• Source: RBC Economics, Canadian and Provincial Fiscal Tables

    Provincial Net Debt Comparisons

    • According to the most recently available provincial budgets for fiscal year 2019-20, Nova Scotia was in the middle of the pack in terms of both net debt-to-GDP ratio and net debt per capita.
    • All provinces can expect a substantial decline in these numbers, but the relative impacts are not clear at this time, especially as oil-producing provinces are experiencing the additional impact of low oil prices.

Municipal Finances

In response to the COVID-19 crisis, HRM extended its deadline for property tax payments to June 1, 2020. Given this delay, expenditure and revenue figures were not yet finalized, and we can only report on planned spending for the fiscal year 2019-20.

Municipal revenues grew by 2.2% in fiscal 2018-19, reaching a total of $937.2 million. In its budget for 2019-20, HRM anticipated a typical 2.0% increase in revenues for 2019-20 and a slightly more modest 1.5% increase through fiscal 2020-21.

Property taxes brought in three-quarters of municipal revenue, growing by a typical 3.1% rate in 2018-19. Of all property taxes, 38% are generated from commercial property and 62% from residential property. A 19% reduction was budgeted for the deed transfer tax. Deed transfer tax revenues typically are much more volatile from year to year than property tax revenues.

HRM continued to pursue a disciplined debt-reduction strategy by budgeting to reduce tax-supported municipal debt by $4.5 million in the 2019-20 budget. This 1.9% reduction is on par with the 5-year average for annual reductions and brings total tax-funded municipal debt down to $235.7 million. Overall, HRM was in an advantageous fiscal position going into the COVID-19 crisis.

Municipal spending for the fiscal year is laid out in the 2019-20 budget. The largest share of the budget is devoted to fiscal corporate services (17.2%), mandatory provincial costs (17.0%), and policing (13.2%).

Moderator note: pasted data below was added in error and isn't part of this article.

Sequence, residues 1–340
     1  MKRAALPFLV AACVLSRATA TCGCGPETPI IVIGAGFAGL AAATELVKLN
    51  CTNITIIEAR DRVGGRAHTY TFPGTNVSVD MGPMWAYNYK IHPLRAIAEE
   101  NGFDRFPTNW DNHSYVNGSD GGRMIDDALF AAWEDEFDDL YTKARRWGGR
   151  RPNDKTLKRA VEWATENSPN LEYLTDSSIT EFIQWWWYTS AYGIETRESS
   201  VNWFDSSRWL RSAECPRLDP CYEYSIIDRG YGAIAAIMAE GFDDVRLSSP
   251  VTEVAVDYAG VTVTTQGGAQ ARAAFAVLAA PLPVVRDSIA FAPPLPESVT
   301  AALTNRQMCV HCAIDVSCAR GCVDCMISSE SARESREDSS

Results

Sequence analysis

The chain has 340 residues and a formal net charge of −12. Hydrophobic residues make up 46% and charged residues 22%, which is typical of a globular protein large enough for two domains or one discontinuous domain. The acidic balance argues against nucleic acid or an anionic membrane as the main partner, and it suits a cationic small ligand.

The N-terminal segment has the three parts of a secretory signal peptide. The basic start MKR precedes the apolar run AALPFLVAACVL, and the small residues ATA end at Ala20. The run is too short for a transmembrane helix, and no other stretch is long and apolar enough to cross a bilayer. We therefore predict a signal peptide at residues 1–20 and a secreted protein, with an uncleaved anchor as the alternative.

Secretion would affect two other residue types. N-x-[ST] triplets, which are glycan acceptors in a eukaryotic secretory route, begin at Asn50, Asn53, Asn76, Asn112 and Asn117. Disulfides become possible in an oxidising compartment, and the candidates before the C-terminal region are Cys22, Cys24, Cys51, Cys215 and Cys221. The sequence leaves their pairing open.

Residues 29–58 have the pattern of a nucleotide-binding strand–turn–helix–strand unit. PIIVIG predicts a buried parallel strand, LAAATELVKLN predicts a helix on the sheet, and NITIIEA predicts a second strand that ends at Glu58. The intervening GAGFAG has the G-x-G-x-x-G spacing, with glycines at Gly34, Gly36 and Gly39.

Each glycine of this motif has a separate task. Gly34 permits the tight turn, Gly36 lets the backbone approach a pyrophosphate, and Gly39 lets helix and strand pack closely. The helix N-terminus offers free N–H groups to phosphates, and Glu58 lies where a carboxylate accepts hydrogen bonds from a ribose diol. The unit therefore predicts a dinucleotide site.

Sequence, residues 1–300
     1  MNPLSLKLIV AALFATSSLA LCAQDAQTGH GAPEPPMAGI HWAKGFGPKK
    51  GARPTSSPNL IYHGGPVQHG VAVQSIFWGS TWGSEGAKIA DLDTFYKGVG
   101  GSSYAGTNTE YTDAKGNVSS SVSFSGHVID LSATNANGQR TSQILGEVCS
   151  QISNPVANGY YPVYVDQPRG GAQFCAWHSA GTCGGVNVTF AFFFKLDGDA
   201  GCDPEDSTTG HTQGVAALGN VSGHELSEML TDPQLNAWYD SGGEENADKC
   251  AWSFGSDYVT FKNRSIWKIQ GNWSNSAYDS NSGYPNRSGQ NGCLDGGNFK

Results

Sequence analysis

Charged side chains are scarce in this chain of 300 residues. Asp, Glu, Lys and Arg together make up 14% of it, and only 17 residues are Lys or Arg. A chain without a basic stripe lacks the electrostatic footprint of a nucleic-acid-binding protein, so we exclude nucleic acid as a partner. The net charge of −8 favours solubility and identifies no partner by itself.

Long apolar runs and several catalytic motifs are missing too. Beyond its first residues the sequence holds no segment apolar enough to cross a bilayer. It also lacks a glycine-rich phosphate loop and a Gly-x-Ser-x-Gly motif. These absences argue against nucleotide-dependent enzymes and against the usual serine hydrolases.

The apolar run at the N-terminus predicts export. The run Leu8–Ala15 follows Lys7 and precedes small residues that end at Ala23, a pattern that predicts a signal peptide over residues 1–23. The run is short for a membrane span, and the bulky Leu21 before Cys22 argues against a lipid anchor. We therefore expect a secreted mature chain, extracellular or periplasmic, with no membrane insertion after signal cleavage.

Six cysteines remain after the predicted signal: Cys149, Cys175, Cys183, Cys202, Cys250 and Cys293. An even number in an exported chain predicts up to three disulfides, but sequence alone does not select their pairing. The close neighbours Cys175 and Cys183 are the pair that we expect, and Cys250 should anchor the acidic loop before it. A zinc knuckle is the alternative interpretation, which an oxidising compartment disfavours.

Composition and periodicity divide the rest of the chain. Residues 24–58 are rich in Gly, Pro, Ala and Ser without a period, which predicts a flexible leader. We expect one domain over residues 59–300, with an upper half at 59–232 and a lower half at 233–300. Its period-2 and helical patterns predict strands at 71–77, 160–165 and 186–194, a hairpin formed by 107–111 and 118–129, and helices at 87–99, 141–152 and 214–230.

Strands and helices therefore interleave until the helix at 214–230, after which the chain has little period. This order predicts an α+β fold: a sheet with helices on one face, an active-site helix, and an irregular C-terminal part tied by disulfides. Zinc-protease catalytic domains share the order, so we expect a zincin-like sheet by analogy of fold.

• *Change in budgeting treatment of Halifax Stanfield and Irving taxes between 2014 and 2015
    (f): Forecast data
    Source: Halifax Regional Municipality, Financial Policy and Planning

    Municipal Revenue by Source

    • Property tax revenue is expected to increase by 3.4% as budgeted for fiscal 2019-20. Tax agreements are expected to grow by a modest 0.8%, payments in lieu of tax by an above average 7.4%, and other revenue sources remaining relatively unchanged.
    • Revenue from the deed transfer tax is expected to decrease by 18.6%. This revenue typically varies substantially year to year.
  • Source: Halifax Regional Municipality, Financial Policy and Planning

    Tax-Supported Municipal Debt

    • The 2019-20 budget was the 10th straight year of debt-reducing budgets for HRM, putting it in a good fiscal position leading up to the COVID-19 crisis. As usual, HRM reduced debt by 1.9% in the 2019-20 fiscal budget.
  • Source: Halifax Regional Municipality, Financial Policy and Planning

    Municipal Spending by Department

    • The two most significant items of spending in HRM's 2019-20 budget are fiscal corporate services and mandatory provincial costs, which include non-business unit corporate expenditures for the municipality (such as debt servicing and interest payments, interdepartmental expenses, and office and building costs) and payments to the province for select services, including education, fire, corrections, and housing.
    • Read more about municipal spending in the 2019-20 budget.

People

Halifax was the 3rd-fastest growing Canadian city in 2019. We gained nearly 10,000 new residents and broke our own population growth record for the 4th straight year. Immigration continues to drive population growth and enrolment at our universities is growing.